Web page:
The Florida governor’s race showed no signs of cooling down Sunday as Democrat Andrew Gillum warned Republican Ron DeSantis not to “weaponize race,” while Mr. DeSantis accused his opponent of wanting to “turn Florida into Venezuela.”
“I want to make Florida even better than it is,” Mr. DeSantis told WFLA AM 970 radio talk-show host John Catsimatidis. “He wants to turn Florida into Venezuela.”
The high-profile contest has been billed as a contest of polar opposites, pitting the right-wing, Trump-backed Republican congressman against Mr. Gillum, the left-wing Tallahassee mayor supported by Sen. Bernard Sanders, Vermont independent.
Mr. DeSantis has moved to focus on his opponent’s platform after a disastrous week in which he was vilified for using the phrase “monkey this up” to refer to Mr. Gillum’s policies. The congressman has denied that he was referring to race Mr. Gillum is black while the mayor blasted the comment.
“I do find it deeply regrettable,” Mr. Gillum said on CNN’s “State of the Union.” “I mean, on the day right after I secured the Democratic nomination, we had to deal with some of the dog whistles directly from my opponent.”
Does he believe Mr. DeSantis is a racist? “I have not called him a racist,” said Mr. Gillum on NBC’s “Meet the Press.”
EARLIER: Andrew Gillum calls on Rep. DeSantis to stand against racist attacks in Florida Governor’s race. #MTP@andrewgillum: “I have not called [Rep. DeSantis] a racist” but “his rhetoric, in my opinion, has to be toned down” pic.twitter.com/4BxFsJR1ft Meet the Press (@MeetThePress) September 2, 2018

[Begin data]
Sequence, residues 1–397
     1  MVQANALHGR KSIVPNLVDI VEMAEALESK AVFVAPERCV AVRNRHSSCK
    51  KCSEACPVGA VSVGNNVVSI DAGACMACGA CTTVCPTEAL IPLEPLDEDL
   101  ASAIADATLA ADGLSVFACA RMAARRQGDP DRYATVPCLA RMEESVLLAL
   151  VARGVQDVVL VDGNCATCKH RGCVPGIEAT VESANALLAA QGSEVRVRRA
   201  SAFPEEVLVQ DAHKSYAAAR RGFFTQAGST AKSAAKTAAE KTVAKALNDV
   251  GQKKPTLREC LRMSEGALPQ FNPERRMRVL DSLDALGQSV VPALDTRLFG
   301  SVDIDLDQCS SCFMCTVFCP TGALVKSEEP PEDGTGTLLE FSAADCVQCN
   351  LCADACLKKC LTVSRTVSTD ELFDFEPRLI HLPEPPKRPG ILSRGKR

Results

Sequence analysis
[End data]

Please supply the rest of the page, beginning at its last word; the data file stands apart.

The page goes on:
“What I don’t want this race to turn into is a race of name-calling,” Mr. Gillum said. “I want to make sure that we don’t racialize and, frankly, weaponize race as a part of this process, which is why I have called on my opponent to really work to rise above some of these things.”
Fueling the racism issue were robocalls made Friday by an Idaho-based white-supremacist group against Mr. Gillum, which the DeSantis campaign condemned as “absolutely appalling and disgusting.”
“I’m pleased to see them decry those robocalls,” said Mr. Gillum. “But it’s also important that Ron DeSantis take control and ownership of his own rhetoric and words. Because we already know that, given the highly sensitized nation that we now find ourselves, that people take their cues.”
Mr. DeSantis, meanwhile, warned that Mr. Gillum’s policies, including raising the corporate tax rate by 40 percent to pay for a Medicare-for-all system, would destroy Florida’s economy.
“He’s on the far-left socialist fringe,” said Mr. DeSantis. “He’s a Bernie Sanders, Ocasio-Cortez type of candidate. He wants to raise taxes in Florida 40 percent. He wants a single-payer health care system in Florida, which would bankrupt the state.”
Mr. Gillum, meanwhile, pledged not to raise taxes on “everyday working Floridians,” but said corporations could afford it, given their windfall under the “Trump tax scam.”
“We’re not asking for all of it. We simply said, we believe that we ought to bring a billion of that money back into the state’s government,” said Mr. Gillum.
Mr. DeSantis warned that electing Mr. Gillum also would result in a dramatic decline in investment: “It’s the equivalent of just shooting ourselves in the foot as a state.”
“I think Florida’s a great place to be, to live, to do business, to retire,” said Mr. DeSantis. “We need to build off the success Florida has enjoyed, and if you have a guy like this, enacting a Socialist-style agenda, that’s going to absolutely destroy all the progress that Florida has made.”